If you don't have time to read it cover to cover, however, this handy reference guide can help. It breaks down the key terms you'll run into as you navigate open enrollment.
Your deductible is the amount of money you have to pay out of pocket each year before your plan's coverage kicks in and starts paying benefits.
You might have separate deductibles for different services, such as prescription drugs or outpatient care. With family coverage, you may have a family deductible as well as individual deductibles for each person on your plan.
Co-insurance is a percentage you pay for health care services after you've met the deductible.
For example, say you have a $1,000 deductible and 20% co-insurance. You break your arm and need surgery, racking up a $10,000 medical bill in the process.
Your out of pocket costs would include $1,000 for the deductible, plus $2,000 towards the surgery ($10,000 x .20 co-insurance = $2,000). Your insurance company then pays the remaining $8,000.
3. Co-payment (co-pay)
A co-payment is a flat fee you pay when you go to the doctor or pick up a prescription. The amount can vary by service.
For instance, you might have a $15 co-payment for prescription drugs and a $25 co-payment for doctor visits. A different co-payment may apply to lab tests or specialist services.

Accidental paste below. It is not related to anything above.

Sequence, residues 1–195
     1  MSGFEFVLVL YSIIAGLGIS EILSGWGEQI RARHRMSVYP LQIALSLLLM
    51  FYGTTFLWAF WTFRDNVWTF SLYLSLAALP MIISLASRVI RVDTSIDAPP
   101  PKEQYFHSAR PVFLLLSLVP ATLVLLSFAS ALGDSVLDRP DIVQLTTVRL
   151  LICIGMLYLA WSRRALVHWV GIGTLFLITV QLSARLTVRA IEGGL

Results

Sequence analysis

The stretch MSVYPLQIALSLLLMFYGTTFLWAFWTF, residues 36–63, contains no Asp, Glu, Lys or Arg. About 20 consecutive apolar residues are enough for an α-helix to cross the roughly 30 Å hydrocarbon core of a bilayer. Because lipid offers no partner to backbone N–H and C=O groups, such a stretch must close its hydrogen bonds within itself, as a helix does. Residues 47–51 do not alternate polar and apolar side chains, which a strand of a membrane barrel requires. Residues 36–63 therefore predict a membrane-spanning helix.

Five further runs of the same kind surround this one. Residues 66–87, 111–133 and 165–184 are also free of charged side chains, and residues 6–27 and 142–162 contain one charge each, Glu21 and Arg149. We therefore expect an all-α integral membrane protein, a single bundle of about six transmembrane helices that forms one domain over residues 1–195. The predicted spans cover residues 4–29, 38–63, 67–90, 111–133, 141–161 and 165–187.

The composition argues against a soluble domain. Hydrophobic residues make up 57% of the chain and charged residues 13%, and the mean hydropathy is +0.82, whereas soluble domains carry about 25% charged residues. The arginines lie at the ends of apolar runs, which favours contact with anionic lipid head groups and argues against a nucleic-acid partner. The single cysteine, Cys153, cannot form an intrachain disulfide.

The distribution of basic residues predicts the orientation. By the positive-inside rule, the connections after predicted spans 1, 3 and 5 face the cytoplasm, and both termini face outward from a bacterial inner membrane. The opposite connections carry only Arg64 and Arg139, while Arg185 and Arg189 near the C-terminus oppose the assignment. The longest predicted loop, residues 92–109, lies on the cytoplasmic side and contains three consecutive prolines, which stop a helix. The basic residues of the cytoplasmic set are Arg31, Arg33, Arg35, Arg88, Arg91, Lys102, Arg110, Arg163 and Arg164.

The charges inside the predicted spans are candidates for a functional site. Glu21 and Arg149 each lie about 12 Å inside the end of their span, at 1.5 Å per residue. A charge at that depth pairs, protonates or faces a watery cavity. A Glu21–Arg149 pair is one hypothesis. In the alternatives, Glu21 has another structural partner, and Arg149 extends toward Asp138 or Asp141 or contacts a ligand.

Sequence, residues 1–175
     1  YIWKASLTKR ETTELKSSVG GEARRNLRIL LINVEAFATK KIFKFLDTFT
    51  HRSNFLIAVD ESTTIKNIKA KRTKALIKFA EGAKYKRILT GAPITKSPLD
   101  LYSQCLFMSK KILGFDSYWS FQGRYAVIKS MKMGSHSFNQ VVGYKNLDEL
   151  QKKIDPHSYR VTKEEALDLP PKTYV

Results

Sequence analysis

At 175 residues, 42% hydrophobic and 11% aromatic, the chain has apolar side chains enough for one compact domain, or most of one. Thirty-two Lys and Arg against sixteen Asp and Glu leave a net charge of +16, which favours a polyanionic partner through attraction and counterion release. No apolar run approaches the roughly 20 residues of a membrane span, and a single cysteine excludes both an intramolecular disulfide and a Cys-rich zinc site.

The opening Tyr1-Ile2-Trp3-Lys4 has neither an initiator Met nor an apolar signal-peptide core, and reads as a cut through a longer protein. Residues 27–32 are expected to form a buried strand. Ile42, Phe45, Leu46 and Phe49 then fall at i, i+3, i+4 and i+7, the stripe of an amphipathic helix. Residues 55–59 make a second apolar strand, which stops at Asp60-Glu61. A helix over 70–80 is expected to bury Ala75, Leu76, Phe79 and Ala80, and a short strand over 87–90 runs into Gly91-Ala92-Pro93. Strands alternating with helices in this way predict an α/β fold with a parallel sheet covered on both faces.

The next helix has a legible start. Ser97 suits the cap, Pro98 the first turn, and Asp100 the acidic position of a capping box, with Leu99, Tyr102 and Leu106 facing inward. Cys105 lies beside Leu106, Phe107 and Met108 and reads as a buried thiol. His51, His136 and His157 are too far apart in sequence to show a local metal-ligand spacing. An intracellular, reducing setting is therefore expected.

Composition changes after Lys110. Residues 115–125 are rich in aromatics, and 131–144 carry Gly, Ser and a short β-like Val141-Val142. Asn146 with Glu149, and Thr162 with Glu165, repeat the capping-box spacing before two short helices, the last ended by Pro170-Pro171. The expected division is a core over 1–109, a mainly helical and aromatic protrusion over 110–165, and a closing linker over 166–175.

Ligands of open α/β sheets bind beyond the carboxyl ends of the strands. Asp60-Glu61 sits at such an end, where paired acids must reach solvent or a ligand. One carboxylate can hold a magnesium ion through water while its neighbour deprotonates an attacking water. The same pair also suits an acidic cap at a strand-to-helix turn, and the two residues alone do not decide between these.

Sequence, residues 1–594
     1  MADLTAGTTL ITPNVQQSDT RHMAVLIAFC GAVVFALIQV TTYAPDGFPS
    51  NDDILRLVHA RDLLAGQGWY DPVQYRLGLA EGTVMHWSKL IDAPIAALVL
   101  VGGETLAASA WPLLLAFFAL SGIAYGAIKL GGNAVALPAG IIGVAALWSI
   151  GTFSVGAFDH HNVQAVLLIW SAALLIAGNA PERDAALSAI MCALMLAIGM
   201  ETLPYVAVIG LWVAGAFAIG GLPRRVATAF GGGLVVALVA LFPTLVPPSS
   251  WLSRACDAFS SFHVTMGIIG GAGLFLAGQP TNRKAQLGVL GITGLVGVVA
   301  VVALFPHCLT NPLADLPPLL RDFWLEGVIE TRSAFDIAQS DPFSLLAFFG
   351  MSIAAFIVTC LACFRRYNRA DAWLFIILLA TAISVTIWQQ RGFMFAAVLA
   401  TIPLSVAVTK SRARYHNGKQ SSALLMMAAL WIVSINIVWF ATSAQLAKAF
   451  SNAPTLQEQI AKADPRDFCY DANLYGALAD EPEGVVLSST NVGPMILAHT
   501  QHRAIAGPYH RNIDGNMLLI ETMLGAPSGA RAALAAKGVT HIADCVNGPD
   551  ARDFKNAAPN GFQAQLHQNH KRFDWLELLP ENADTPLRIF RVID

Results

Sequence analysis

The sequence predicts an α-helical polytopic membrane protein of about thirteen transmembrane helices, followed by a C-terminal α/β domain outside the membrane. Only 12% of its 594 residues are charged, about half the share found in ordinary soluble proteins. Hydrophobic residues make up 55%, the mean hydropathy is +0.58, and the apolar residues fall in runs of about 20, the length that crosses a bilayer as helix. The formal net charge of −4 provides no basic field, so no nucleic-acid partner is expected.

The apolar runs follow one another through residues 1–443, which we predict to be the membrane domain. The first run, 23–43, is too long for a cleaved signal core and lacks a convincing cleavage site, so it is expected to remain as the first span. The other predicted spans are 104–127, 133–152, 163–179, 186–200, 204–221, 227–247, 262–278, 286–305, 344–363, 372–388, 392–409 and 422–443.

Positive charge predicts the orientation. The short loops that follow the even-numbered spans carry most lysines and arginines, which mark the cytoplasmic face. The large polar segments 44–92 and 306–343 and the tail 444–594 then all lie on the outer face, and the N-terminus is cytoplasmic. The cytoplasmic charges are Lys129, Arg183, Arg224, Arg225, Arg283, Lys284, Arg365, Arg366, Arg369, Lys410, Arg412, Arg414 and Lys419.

As a general rule, the lower your monthly premium, the higher your co-payment and vice versa.
Your premium is the amount you pay to keep your health insurance each year. Premiums are typically paid monthly, with your employer taking it straight out of your paycheck.
The higher your premium, the lower your deductible usually is; going with a lower premium means paying less each month, but you'll need more money to cover a higher deductible if you get sick or hurt.
5. Out-of-pocket maximum/limit
Your plan's out-of-pocket limit or maximum caps how much you pay for health care services each year. That's a huge advantage if you experience a serious illness or injury that results in a catastrophic bill. Once you reach the limit of what you're responsible for paying out of pocket, the rest of the cost is passed on to your insurer.
This limit doesn't include your premiums or anything you spend for services that aren't covered by your plan. Out-of-pocket limits are higher for family coverage versus individual coverage.